Dear UU Church of the Brazos Valley,
In the last year, we have experienced trauma unprecedented in our lifetimes. The assaults on our democracy, the devastation caused by COVID-19, repeated incidents of deadly police violence, the rise in white supremacist violence and the impacts of climate disasters continue to take their toll. So many lives and livelihoods have been lost. We are exhausted. We are grieving. To everyone in Texas, we send you our love and care and pray that you and your loved ones are safe. To leaders in communities impacted by these deadly winter storms, if your congregation, members of your community or local partner organizations are in need, the UUA’s Disaster Relief Fund is a resource for financial grants to help in this time. Please be in touch with Lisa Presley at firstname.lastname@example.org with any questions about applying for grants. Over the weekend, we awarded a grant to the San Marcos UU Fellowship to bolster a community effort to house and feed those experiencing homelessness. We also organized a shipment of water to First UU Church of Houston to distribute in partnership with neighborhood organizations. These are small offerings in what will be a long recovery, but they are real ways that UUs make a difference through the UUA’s Disaster Relief Fund. For those who are able, your donations to the Disaster Relief Fund will help us respond to the urgent requests coming in.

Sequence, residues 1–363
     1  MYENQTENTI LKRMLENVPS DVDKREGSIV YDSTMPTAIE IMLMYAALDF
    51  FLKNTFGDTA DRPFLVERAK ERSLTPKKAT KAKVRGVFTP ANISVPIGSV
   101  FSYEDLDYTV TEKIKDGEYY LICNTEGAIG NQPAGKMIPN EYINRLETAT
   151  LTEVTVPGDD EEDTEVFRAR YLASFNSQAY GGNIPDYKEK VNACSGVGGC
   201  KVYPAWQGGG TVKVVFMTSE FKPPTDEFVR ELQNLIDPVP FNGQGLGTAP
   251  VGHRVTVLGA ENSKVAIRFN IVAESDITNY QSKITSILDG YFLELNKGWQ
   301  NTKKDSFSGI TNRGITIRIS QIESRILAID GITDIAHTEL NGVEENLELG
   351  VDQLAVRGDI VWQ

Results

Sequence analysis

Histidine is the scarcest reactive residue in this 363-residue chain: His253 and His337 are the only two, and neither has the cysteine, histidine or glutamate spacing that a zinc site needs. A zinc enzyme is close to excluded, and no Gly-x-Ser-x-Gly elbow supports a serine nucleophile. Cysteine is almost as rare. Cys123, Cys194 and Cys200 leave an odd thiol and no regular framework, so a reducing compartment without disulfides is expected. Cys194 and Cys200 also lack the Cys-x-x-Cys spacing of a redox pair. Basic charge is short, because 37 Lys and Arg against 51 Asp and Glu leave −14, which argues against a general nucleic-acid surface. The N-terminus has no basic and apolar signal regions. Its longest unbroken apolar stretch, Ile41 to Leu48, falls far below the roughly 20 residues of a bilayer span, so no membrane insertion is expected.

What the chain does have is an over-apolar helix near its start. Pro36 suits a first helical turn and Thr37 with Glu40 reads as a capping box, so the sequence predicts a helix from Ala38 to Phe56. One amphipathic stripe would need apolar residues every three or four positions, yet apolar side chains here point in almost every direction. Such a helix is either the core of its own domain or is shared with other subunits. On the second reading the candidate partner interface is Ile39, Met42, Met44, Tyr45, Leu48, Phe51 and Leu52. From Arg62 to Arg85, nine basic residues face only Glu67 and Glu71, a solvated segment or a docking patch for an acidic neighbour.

It matters that we lean more deeply into compassion and care. There is no more important practice or culture to develop in this time.
During times of grief and loss, we have traditionally found comfort and resilience in gathering together. As religious communities, it is what we do. Yet, we now approach the first anniversary of when, due to the pandemic, the UUA and most of our congregations shifted to all-virtual gatherings. For many, this has been an additional source of grief and isolation and can make it more difficult to process our grief and pain. Given the layers of stress and trauma, the need to care for ourselves is more important than ever. Encourage each other to take time off—and heed this advice yourself. It is critically important to support congregational staff and religious professionals, especially those who hold marginalized identities or who have children, to take time off. We must recognize the level of trauma that has disproportionately impacted Black, Indigenous and Latinx people and communities of color. Additionally, many of our children are experiencing untold stress and challenges. Parents are giving all they can to support their kids and their livelihoods. It matters that we lean more deeply into compassion and care, for these are practices that remind us we are not alone and reinforce our humanity and our interdependence. There is no more important practice or culture to develop in this time. May you be kind to yourself and others. And may you have space to tend to your heart, your spirit and your well being. Our ministries and leadership will benefit from it. Yours, Susan P.S. Coping with COVID-19 is an online resource from Health Story Collaborative that includes mental health guidance, self-care and medical information, family resources and more.
Rev. Dr. Susan Frederick-Gray spends her days strengthening the thriving mission of this faith. In her spare time, she enjoys being with her family and playing with their dog, Hercules.